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Profiting from genocide, Disney’s ‘Mulan’ ignores lessons from the Holocaust

In 1944, the Theresienstadt concentration camp underwent a beautification.

Living quarters improved. Gardens appeared. A school was established. When representatives of the Danish and International Red Cross came to inspect the camp — a step the Nazis believed essential to securing Denmark and Sweden’s continued compliance — they were pleased. Maurice Rossel, the ICRC’s representative, called the camp’s occupants “privileged Jews.” The Nazis, also pleased, amped up their propaganda campaign, producing a film depicting Theresienstadt as an idyll. In it, “residents” of the camp milked cows, played soccer and sculpted to a soundtrack of boisterous classical music, including the can-can. After the film was completed, most of the cast was deported to Auschwitz. They followed the footsteps of Theresienstadt’s elderly, infirm and disabled prisoners, who had been deemed unfit to appear in the propaganda efforts, and sent to the death camp before Rossel and his companions visited.

The Red Cross visit to Theresienstadt is one of the most telling moments in the history of global efforts to address genocide. Rather than assist the Nazis’ victims, the mission sanitized the Nazis’ crimes: It let the countries that professed concern over the treatment of Europe’s Jews turn away from the facts of the Holocaust, all while convincing themselves they had done what was necessary and proper. The Nazis’ canny ploy — make the international community feel effective, and they’ll let you get away with whatever you want — has been mimicked time and again: By the Bosnian Serbs who convinced the U.N. in 1995 that if they could just have Srebrenica, where they proceeded to massacre 8,000 Muslim men and boys, there would be peace; by Rwanda’s Hutu government, which welcomed a U.N. peacekeeping force under the pretense of seeking peace with Tutsi rebels in 1993, less than a year before it nearly eliminated the entire Tutsi population.

And now, it’s been revived, in a new way, by Disney’s much-hyped live-action adaptation of “Mulan.”

The film, released on September 4 on Disney Plus for those willing to shell out an extra $29.99 — it becomes free on the platform in December — was controversial long before it premiered, largely due to lead actress Liu Yifei’s professed opposition to the pro-democracy protest movement in Hong Kong. But once it became available, audiences discovered something much more alarming than Yifei’s stance: The film was partially shot in Xinjiang — the province where the Chinese government has imprisoned close to two million Uighur Muslims in concentration camps — in 2018, when the campaign against the Uighurs was well-established international knowledge. The film’s credits explicitly thank several Xinjiang political agencies for their cooperation, including the police security bureau, which Vox reported is understood to operate some of the camps.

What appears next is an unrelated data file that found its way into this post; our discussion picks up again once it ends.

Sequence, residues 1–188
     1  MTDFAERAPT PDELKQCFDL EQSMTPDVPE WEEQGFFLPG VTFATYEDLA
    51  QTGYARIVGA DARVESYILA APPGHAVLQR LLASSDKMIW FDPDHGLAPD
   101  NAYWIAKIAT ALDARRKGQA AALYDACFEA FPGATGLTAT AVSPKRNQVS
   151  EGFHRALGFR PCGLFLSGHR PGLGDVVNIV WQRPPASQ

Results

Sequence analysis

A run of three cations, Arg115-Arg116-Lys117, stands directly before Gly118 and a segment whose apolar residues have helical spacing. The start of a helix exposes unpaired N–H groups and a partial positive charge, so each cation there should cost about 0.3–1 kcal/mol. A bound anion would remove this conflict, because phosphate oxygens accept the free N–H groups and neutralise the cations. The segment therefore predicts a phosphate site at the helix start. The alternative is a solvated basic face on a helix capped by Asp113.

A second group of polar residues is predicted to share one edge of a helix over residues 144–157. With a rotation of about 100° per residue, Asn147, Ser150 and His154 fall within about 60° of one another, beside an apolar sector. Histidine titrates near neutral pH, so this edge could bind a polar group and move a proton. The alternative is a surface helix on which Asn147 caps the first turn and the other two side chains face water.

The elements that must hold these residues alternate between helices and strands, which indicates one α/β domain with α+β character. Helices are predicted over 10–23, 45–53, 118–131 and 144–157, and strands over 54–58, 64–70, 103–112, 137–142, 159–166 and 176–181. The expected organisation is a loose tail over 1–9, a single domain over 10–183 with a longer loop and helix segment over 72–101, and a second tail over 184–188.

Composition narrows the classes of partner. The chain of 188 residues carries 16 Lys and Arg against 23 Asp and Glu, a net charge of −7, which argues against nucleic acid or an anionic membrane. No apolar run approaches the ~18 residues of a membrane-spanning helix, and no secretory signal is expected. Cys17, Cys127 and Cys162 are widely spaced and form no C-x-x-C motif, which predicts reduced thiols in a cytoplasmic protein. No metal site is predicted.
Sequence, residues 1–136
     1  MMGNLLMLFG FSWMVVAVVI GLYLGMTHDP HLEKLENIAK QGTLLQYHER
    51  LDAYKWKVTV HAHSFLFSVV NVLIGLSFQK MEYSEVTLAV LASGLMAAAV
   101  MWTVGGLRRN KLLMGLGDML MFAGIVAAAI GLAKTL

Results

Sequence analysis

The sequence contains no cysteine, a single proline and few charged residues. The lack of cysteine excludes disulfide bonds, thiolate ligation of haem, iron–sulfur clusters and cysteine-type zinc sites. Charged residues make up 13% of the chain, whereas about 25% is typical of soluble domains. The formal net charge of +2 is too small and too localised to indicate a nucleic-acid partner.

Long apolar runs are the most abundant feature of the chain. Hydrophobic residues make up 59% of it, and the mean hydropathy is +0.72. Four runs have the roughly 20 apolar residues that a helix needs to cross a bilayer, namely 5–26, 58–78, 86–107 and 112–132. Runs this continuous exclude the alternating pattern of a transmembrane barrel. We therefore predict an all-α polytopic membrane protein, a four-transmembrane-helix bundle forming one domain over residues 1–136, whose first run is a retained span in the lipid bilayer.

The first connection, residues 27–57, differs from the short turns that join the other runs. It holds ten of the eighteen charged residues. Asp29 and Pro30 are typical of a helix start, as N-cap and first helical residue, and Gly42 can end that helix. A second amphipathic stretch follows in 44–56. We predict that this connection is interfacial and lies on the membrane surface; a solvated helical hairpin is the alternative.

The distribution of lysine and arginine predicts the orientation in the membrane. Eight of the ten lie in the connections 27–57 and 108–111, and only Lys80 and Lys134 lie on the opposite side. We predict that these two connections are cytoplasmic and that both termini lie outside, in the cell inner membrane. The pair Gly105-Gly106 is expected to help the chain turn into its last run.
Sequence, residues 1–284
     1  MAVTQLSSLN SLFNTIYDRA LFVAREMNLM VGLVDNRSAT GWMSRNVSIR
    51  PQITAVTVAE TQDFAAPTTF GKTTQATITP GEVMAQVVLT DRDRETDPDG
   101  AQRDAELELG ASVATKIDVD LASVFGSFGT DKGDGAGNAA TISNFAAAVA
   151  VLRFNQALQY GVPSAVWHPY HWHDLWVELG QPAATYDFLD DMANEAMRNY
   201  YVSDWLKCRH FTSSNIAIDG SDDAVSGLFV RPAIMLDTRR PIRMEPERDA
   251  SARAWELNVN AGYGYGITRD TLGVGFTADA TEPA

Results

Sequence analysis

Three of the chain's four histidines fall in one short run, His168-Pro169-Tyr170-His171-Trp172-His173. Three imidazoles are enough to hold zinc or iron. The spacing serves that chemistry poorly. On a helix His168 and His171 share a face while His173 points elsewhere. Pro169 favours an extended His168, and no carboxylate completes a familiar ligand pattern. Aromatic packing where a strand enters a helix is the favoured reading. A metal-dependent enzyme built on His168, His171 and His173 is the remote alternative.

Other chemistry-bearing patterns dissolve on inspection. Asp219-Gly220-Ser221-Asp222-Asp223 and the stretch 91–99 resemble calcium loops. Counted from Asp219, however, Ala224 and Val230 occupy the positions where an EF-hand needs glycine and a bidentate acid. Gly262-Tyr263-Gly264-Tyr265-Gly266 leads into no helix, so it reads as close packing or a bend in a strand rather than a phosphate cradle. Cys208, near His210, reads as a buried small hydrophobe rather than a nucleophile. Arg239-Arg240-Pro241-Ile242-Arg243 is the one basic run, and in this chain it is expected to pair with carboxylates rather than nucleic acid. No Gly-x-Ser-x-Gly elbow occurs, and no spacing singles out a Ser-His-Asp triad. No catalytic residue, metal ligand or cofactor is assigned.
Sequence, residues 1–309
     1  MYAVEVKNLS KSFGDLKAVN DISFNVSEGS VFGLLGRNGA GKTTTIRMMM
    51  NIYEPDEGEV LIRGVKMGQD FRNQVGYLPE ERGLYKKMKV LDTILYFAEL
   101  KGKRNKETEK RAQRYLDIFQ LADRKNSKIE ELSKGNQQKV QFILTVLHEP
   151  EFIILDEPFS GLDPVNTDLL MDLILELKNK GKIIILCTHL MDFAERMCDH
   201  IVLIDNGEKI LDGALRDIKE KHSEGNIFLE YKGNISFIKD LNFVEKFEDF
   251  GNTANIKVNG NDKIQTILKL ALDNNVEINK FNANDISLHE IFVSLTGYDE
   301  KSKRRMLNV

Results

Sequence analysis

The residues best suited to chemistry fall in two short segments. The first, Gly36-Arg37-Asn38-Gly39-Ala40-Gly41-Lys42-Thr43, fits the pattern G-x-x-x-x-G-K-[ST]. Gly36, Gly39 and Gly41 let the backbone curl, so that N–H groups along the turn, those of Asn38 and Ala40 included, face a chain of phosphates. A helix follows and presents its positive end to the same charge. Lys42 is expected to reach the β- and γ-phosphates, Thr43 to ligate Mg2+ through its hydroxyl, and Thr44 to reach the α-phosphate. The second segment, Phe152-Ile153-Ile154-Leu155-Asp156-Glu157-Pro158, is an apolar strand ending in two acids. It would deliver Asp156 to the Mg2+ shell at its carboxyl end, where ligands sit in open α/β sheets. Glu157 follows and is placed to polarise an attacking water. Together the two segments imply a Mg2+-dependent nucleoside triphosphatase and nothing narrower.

It’s a new variation on Theresienstadt. And in some ways, it’s worse.

Disney, and the Chinese government bodies with which it collaborated, is not offering the world a political fig leaf to cover the genocide against the Uighurs. Instead, the entertainment powerhouse has delivered an item that is explicitly a distraction from that genocide, one that functions simultaneously as nativist propaganda — in the face of an invasion by brown-skinned, turban-wearing outsiders, the heroes are celebrated for their unquestioning devotion to the imperial state — and an amusing narcotic. Unlike its predecessors, it’s not intended to make the international community feel satisfied with its own weak efforts to aid the Uighurs. It’s intended, instead, to make them feel awed by and invested in a version of Chinese culture — however inaccurate — that eclipses the story of the Uighurs altogether.